Many governments don't care if thier citizens have shotguns, and are limited to ammunition that poses no threat to body armored LEO or armored transports.
They have processes and permits and red tape, but they will allow those things, not because they are less deadly, but because they are easy for the government to still crush with force if necessary.
Very few governments though will let thier serfs possess effective modern arms on par with thier own forces. Like the most modern centerfire rifles, or other armaments that pose similar risks to thier troops.

Which of course was the whole original point of the 2nd Amendment in the USA when the founders wrote it. So every locality and every state was a threat to eachother and to the federal government. So everyone was resistant to tyranny from eachother. So the body of the people was always a greater threat than a force which could be raised and used against it.
The very opposite of what almost every government wants today, and has wanted since recorded history: absolute centralized power and authority with minimal potential resistance or threats.

conw
September 9, 2009, 02:30 AM
Awesome post Zoogster.

armoredman
September 9, 2009, 04:21 AM
Absolutely, excellent post.
Mexico has a CCW permit system, but you better have BIG bucks and be in the buddy system with some big names.

GRIZ22
September 9, 2009, 07:59 AM
Germany and Austria issue concealed carry permits. Can't remember the particulars but they are easier to get in Austria.

Speedo66
September 9, 2009, 09:05 AM
I saw civilians possessing Uzi's in Israel in the 70's, not sure about handguns though.

scurtis_34471
September 9, 2009, 09:44 AM
Nicaragua is a nice up-and-coming stable Latin American democracy that allows both open and concealed carry.

PhrankKastle
September 9, 2009, 10:00 AM
I know when I was in Italy in the early 80's you could get a Porto d'armi concealed carry permit. They were very hard to get. I believe they are still available but I'm sure in the current state of affairs in Europe they are probably even harder to get now.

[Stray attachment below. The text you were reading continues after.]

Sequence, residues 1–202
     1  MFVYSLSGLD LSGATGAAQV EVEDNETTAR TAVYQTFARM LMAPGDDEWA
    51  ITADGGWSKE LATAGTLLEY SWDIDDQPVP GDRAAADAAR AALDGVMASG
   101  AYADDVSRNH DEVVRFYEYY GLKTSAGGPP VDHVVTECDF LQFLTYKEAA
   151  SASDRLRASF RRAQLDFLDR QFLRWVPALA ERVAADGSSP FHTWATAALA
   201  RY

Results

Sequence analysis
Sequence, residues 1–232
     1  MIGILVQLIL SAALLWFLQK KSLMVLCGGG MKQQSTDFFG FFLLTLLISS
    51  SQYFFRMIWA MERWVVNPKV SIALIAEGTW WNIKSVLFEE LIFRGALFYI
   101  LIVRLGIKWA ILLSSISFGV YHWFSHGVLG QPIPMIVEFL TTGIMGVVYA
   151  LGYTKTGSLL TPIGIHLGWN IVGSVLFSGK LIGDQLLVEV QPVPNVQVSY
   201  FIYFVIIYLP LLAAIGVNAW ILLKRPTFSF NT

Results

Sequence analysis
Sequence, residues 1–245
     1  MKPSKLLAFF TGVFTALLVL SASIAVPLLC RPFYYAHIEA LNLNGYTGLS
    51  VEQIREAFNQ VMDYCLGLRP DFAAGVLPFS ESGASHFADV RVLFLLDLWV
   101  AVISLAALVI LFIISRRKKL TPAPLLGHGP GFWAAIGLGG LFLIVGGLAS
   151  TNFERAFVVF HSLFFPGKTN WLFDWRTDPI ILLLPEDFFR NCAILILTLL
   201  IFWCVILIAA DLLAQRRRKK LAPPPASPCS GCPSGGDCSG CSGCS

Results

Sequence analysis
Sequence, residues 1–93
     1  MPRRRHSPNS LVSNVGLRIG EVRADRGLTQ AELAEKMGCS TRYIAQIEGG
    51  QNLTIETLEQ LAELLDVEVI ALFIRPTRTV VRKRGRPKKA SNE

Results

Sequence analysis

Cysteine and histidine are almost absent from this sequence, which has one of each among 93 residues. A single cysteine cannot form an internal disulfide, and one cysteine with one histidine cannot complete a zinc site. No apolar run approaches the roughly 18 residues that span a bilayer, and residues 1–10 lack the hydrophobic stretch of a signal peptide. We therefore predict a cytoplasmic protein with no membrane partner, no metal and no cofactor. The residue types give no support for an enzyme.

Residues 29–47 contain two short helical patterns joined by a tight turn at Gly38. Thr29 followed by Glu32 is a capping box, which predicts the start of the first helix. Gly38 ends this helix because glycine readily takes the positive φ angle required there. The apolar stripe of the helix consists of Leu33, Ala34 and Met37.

bltmonty
September 9, 2009, 10:11 AM
Ecuador allows concealed carry with appropriate permits.

Len S
September 9, 2009, 01:05 PM
"scurtis_34471 Nicaragua is a nice up-and-coming stable Latin American democracy that allows both open and concealed carry.
Today 08:05 AM"

Costa Rica allows ccw with a permit. As far as nicaragua being nice and stable one should look at their leadership. daniel ortaga of sandinista infamy. Also good friends with the nuts from venezuela and cuba. No caps used intentionally.


Len S

9teenEleven
September 9, 2009, 01:11 PM
A nice post Zoogster. However, to play devil's advocate, those who want to rise up against government control do not typically do so with the pure revolutionary spirit. All governments, even democratic governments naturally act in self-preservation. Sometimes the alternative to what is there is better, but more often than not, it is not.

ThrottleJockey72
September 9, 2009, 01:14 PM
Armoredman, can you please post a source for that Mexico thing? I have been under the impression that firearm ownership by civilians in Mexico was strictly forbidden.

Switzerland comes to mind for some reason.....

esq_stu
September 9, 2009, 02:19 PM
I believe that in Israel, a license to possess is a license to carry, concealed or open. Lots of people carry there, both ways. But is seems most prefer open carry there, except security personnel, for some reason.